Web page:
Considered by many to be America’s premier academic vocal ensemble, The Westminster Choir has been Spoleto’s resident choral ensemble since the festival’s inception in 1977. As such, the choir has consistently been a true festival workhorse, presenting at least two choral concerts and one major choral-orchestra extravaganza every year, on top of serving as the “world’s finest opera chorus” in most of Spoleto’s opera productions.

And now, after Dr. Joseph Flummerfelt’s departure last year as the festival’s director for choral activities, Dr. Joe Miller, the director of choral activities at Westminster Choir College of Rider University, has stepped into Flummerfelt’s very big shoes. Miller has been conducting the festival’s smaller-scale choral events for several seasons now, but, beginning this year, Miller is in charge of the entire range of choral events.

Not only will Miller conduct his ensemble for the ever-popular chamber choir concerts (the same program is presented twice), but Miller will also mount the podium for not just one, but two major choral-orchestral happenings. He, along with a huge range of performers, are presenting one of this year’s magnum opus productions, El Niño, a staged blend of opera and oratorio by composer John Adams. This very different kind of “Christmas spectacle” has been previewed elsewhere. Miller’s other big event will be a program entitled Te Deum, with the Spoleto Festival Orchestra, in which the Westminster Choir will be beefed up by a sizeable contingent from our own Charleston Symphony Orchestra Chorus.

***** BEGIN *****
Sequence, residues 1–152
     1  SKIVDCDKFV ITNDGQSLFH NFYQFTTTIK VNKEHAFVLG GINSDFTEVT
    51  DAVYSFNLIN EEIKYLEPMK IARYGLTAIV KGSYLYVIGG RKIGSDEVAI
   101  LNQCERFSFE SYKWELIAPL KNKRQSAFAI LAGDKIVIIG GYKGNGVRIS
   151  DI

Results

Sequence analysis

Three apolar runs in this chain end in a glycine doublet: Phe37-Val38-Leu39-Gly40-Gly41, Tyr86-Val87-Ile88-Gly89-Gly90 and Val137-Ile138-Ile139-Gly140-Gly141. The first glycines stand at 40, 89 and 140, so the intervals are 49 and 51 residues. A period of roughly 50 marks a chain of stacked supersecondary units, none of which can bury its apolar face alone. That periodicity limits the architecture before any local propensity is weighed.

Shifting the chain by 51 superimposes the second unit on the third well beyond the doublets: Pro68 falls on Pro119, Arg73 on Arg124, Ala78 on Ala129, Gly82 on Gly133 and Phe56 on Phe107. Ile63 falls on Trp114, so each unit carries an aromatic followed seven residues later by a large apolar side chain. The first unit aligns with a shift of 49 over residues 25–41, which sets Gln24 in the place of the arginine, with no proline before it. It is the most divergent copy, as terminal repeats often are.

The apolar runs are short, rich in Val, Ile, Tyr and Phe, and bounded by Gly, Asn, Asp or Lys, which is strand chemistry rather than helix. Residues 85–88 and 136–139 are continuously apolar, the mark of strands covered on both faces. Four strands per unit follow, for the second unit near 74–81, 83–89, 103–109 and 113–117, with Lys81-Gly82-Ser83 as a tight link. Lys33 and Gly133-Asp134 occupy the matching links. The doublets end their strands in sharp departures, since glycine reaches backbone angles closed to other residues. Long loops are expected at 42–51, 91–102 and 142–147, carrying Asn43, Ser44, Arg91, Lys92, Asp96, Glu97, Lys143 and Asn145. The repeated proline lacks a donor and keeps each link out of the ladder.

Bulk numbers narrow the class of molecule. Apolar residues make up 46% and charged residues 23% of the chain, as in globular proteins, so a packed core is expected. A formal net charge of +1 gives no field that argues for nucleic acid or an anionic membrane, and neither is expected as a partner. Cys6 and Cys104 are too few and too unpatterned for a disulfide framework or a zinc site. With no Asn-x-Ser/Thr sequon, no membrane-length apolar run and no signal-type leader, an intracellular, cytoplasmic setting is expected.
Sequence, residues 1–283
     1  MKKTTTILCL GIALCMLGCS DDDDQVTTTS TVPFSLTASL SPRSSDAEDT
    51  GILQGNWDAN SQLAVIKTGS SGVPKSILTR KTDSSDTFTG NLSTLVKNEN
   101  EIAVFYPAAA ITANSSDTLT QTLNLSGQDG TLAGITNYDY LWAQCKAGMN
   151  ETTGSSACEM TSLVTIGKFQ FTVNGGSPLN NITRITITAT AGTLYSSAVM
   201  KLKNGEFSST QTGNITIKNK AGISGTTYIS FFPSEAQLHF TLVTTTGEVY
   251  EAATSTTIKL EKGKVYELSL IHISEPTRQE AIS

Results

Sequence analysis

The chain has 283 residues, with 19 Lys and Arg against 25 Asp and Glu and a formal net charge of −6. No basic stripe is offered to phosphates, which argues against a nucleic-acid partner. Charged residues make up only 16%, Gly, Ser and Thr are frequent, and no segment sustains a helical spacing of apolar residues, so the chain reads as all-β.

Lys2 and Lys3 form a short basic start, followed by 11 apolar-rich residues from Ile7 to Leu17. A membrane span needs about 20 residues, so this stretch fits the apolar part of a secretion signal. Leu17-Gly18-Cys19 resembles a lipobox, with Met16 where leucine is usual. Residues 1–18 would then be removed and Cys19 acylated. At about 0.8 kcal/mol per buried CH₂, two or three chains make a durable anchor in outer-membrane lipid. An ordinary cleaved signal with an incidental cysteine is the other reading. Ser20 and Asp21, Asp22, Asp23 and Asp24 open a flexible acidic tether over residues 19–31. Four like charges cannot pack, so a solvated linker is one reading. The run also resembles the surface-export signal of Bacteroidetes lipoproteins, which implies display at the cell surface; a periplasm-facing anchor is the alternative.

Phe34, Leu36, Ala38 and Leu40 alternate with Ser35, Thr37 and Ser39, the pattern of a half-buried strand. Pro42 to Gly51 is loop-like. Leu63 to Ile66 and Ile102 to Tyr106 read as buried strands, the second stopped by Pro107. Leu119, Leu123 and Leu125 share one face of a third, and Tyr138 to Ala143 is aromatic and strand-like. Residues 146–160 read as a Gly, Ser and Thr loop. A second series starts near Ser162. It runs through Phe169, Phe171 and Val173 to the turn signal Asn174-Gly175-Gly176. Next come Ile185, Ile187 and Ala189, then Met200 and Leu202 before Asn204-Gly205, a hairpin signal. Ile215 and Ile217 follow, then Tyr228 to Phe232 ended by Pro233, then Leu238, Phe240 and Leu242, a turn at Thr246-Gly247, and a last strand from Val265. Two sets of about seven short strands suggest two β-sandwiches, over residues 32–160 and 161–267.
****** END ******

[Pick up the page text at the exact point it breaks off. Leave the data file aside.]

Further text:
Full disclosure, on a personal note, the Westminster Choir and I go way back: all the way to 1995, when, as a member of the Charleston Symphony Orchestra Chorus, I was tapped eight seasons running to augment the 40-voice Westminster Choir in their big events with orchestra (you can’t pull off something like Verdi’s Requiem with a chamber choir). And I’m here to tell you that singing for Flummerfelt and rubbing elbows on stage with young vocalists who have gone on to become vocal superstars was both exhilarating and humbling. Those concerts taught me more about the art of choral singing than anything else. I got to review two of the Westminster Choir’s CDs for a national magazine. Miller and I call each other friend. Color me one of their most rabid fans.

So much for journalistic impartiality. Writing a piece like this one would disturb me if it weren’t for the fact that just about every choral aficionado or critic I know of shares my unassailable conviction that choral art just doesn’t come any finer than when the Westminster Choir is doing its thing. With each Spoleto, I cudgel my brains — often in vain — for fresh superlatives as I write about them. But whether or not you choose to take what I say about them with a grain (or shaker full) of salt, let me tell you something about what sorts of choral wizardry we can expect them to work upon us this time around.

The first chance you’ll get to hear the Westminster Choir as a chamber choir will be at the Cathedral Church of St. Luke & St. Paul on Thurs., May 29. Legends, the title of their program, is most closely linked to the program’s centerpiece, Legend of the Walled-up Woman, by Latvian composer Eriks Ešenvalds. The work recounts an ancient Albanian legend in which a young woman is entombed in the walls of a castle under construction to make it magically invincible to attack. Programming of this piece reflects one of the Westminster Choir’s areas of stylistic emphasis under Miller’s directorship: the vibrant choral traditions of the Baltic region.